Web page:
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When deformation leads to differential movement along interfaces—for example faulting, flexural slip folding, grain-boundary slip—heat is generated by friction. Opinions differ concerning the importance of mechanically generated heat during regional dynamothermal metamorphism. Turner and Verhoogen (1960) deferred a definite conclusion until such time as quantitative data might become available.

A mathematical solution to the non-steady-state heat flow problem permits the calculation of temperature rise in response to a given rate of heat production within a bounded region in the crust. This solution may find application in specific cases, provided the variables can be evaluated reasonably precisely.

The computations presented here of temperature increases at eight depths for each of.40 models show that frictional generation of heat may result in significant local elevation of temperature. Variables used in the computations are: time and rate of heat generation, and depths of boundaries within which hear is generated. Average energy per gram converted to heat and strain rate within the deforming part of the crust are computed for each model.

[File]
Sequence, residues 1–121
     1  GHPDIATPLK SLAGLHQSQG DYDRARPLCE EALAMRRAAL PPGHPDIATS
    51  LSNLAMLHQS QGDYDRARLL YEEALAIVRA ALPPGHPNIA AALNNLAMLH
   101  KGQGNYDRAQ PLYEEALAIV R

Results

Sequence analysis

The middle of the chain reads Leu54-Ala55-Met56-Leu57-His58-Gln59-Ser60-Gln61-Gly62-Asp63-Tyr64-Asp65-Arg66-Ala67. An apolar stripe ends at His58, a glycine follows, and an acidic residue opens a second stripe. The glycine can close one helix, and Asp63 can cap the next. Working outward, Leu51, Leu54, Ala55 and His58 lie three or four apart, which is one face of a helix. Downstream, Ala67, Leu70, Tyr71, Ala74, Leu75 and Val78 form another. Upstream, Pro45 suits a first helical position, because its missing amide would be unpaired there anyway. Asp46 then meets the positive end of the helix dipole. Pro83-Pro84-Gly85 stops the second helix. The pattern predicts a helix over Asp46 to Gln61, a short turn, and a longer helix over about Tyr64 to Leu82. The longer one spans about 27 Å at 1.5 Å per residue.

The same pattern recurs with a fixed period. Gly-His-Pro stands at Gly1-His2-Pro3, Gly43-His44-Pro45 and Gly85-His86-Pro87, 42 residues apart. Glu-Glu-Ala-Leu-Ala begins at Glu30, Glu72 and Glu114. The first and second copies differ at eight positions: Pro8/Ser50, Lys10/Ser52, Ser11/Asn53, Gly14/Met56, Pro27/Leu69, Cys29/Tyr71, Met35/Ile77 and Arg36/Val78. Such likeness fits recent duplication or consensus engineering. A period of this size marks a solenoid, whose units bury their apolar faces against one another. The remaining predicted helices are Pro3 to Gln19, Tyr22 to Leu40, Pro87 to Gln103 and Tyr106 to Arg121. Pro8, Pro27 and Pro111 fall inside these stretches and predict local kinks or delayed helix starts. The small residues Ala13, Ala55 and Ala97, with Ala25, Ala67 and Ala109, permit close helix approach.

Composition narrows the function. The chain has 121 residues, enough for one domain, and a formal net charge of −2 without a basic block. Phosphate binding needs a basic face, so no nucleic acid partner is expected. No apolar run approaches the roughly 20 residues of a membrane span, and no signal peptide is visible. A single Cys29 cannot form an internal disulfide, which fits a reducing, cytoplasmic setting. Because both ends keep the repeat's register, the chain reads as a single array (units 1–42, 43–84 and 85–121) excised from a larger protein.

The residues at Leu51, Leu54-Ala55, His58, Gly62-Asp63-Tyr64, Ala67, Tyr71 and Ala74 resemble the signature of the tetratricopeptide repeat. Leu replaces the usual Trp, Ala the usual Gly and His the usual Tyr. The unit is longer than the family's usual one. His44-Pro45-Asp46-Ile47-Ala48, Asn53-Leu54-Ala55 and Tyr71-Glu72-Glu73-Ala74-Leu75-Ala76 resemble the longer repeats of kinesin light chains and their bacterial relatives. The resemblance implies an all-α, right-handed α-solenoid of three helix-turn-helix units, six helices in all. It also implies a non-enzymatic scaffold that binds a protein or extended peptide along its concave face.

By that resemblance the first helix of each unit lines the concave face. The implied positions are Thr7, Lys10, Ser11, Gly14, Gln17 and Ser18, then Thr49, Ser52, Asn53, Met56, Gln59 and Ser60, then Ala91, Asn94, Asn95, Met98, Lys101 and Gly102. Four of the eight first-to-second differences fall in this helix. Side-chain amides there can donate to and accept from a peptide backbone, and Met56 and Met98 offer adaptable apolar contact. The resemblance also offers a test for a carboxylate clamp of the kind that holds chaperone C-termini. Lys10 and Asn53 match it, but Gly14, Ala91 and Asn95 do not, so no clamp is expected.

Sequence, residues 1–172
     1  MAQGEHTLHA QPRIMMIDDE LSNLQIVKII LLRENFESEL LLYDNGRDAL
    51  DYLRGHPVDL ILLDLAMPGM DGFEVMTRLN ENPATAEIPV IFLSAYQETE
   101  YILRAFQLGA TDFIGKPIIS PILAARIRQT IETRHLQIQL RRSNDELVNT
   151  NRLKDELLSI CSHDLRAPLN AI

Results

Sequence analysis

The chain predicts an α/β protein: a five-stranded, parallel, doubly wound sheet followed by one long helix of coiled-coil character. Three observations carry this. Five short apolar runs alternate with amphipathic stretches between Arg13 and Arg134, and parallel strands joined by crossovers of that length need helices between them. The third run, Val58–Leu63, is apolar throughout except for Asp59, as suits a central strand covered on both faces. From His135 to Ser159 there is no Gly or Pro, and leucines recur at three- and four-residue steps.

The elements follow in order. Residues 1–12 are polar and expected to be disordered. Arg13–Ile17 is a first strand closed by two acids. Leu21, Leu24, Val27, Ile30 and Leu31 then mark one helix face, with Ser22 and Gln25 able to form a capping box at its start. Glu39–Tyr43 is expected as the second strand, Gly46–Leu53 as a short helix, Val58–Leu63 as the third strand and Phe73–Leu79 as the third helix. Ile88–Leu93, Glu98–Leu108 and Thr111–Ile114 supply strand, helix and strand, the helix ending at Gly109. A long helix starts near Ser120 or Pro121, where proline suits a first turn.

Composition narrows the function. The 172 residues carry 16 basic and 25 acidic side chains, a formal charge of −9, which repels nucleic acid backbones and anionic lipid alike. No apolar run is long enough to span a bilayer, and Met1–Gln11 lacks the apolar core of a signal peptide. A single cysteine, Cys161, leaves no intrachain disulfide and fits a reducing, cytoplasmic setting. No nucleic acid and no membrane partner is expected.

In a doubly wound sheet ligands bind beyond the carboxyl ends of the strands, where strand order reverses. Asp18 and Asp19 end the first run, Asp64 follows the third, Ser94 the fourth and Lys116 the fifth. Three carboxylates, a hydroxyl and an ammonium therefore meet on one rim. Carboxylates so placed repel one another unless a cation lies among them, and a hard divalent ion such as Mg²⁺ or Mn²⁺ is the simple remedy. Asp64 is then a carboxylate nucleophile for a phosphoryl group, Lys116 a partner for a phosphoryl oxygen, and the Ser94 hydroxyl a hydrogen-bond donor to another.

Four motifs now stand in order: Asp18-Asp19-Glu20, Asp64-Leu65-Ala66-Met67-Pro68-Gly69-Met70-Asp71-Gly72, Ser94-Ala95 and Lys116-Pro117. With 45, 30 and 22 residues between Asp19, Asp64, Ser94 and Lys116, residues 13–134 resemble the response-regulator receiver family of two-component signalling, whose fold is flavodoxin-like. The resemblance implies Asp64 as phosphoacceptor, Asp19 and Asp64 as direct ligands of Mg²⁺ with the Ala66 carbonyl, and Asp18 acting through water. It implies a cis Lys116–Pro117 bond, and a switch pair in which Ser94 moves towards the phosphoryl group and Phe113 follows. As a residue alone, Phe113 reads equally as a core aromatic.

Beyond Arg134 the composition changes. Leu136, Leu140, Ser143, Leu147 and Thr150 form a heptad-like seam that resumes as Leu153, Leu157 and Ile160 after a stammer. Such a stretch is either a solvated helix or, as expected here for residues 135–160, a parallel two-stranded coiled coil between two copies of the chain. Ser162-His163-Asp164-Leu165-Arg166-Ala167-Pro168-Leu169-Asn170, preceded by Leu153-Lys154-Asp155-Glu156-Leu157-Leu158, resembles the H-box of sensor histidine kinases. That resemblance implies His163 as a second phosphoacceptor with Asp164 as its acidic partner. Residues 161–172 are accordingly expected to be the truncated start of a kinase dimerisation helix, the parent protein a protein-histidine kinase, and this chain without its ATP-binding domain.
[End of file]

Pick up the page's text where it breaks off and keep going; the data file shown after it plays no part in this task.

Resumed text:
Frictional heat due to deformation is not solely responsible for the temperatures of regional metamorphism but may, when deformation is concentrated in space and time, account for local steepening of the temperature gradient, and locally for a mineral assemblage of higher metamorphic grade than would otherwise have been present.

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